The Swedish hacking expert, who is well known in computer security circles, but asked not to be named, demonstrated to Reuters how it was possible within minutes to break through security on Web server software from Microsoft Corp. (NASDAQ:MSFT).
The expert showed how to crack the security systems for Internet banking, breaking into three of Sweden's big four banks in quick succession. He was then able to show how to conceal his tracks, making detection difficult afterward.
While stopping short of breaking into customer accounts, the hacker-turned-consultant said an intruder could have hidden instructions to transfer sums into a separate account when the customer authorises a payment from his Internet bank account.
He relied on a variation of a weakness that came to light two weeks ago in Microsoft's implementation of Secure Socket Layer (SSL), an industry standard for transmitting credit card numbers and account passwords via the Web.
"It's a protocol which is very easy to break through," the computer expert said, adding that, "The protocol doesn't provide the security the users think it does."
The attack technique exploited a combination of vulnerabilities over which Microsoft exerts only partial control. A large share of the blame should fall on network administrators inside banks and other organizations who fail to install Microsoft's software properly, he said.
Using the method, an attacker can log in as a Web site customer using certificate authentication and gain access to the Web site's root directory and, from there, enter the organization's internal network.
"Such techniques are difficult, temporary, and generally require favorable network (layout)," the company states on a Microsoft technical discussion site located at http://www.microsoft.com/technet/default.asp
Microsoft in Sweden denied that SSL could be breached in the way shown to Reuters.
"I can't even see the theoretical possibility for it to happen", said Mats Lindkvist, responsible for security at Microsoft in Sweden.
The unnamed expert said an attacker could breach security via hundreds of computers, making detection of the criminal almost impossible, as it might take the police up to four to five months just to follow a trail through 10 computers.
Mike Benham, the San Francisco privacy advocate and security consultant who first revealed the SSL flaw, offered a technical description of how this works: "An attacker could transparently proxy (invisibly transfer) a victim's traffic to the real secure site, while intercepting and logging all the data."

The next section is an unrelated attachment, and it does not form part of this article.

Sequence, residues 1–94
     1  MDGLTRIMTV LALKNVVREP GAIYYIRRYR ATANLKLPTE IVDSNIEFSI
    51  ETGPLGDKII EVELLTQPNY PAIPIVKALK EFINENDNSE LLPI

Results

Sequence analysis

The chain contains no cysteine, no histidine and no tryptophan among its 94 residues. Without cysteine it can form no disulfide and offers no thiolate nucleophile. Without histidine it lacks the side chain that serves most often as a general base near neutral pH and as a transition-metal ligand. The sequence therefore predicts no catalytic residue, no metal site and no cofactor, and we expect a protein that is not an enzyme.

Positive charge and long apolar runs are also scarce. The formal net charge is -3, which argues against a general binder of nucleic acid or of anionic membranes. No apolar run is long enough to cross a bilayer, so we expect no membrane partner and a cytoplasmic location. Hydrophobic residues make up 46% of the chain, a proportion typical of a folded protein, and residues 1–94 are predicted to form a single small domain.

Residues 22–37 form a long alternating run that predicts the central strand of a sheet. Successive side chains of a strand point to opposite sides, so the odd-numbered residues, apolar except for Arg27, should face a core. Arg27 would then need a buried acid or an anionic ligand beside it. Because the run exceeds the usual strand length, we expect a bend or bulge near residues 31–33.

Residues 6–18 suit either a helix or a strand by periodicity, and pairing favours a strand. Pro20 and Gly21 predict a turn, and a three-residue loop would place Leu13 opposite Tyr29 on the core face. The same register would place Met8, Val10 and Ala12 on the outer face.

Microsoft embarked earlier this year on what it called a "trustworthy computing" campaign to improve the security of its software. The company was responding to a mounting outcry over widely publicized software security breakdowns.
The four Swedish banks are not unique. According to computer experts, many of the world's major financial institutions are similarly vulnerable because they rely on software using the industry-accepted SSL protocol.
All four major Swedish banks said they were not aware of any break-ins into their systems. But spokesmen at some of them said no system could be perfect.
"If man can fly to the moon, sooner or later someone will be able to circumvent the security systems," Swedbank's head of press relations, Jesper Berggren, told Reuters.
"As far as I can tell no system will ever be 100 percent secure. To say that our systems are 100 percent secure would be presumptuous," added Handelsbanken's information director, Lars Lindmark.
"There's been a lot of denial," said Peter Neumann, principal scientist at Silicon Valley think-tank SRI International and one of the world's authorities on computer security.
Such flaws result from a mix of fatalistic acceptance and technical ignorance, he said. "'Everything is fine,' banks say.
That's clearly nonsense. Pretty much everything is vulnerable -- certainly more so with a little bit of insider knowledge." Computer security expert Lars-Olov Guttke at Swedish security firm Deprotect said his company had managed to use hidden instructions to transfer tens of millions of dollars from an account at a leading European bank.
The bank had asked Deprotect to test its security systems.
After two weeks, Guttke told the bank about the transfers, which had not been detected. The key factor was that the sums transferred secretly were not big enough to alert the system.
"It might take a few days to figure out how to make the intrusion, but once you've done that it doesn't take very long to break through the systems," Guttke said.
Guttke said banks spent huge amounts to secure their customer-facing systems but tend to neglect internal systems giving access to their networks. Security veteran Neumann agreed, saying that former insiders may pose a bigger threat.
Information about the level of computer-related crime is scarce because few crimes are reported. Companies fear bad publicity and additional costs if the weaknesses of their security systems become known.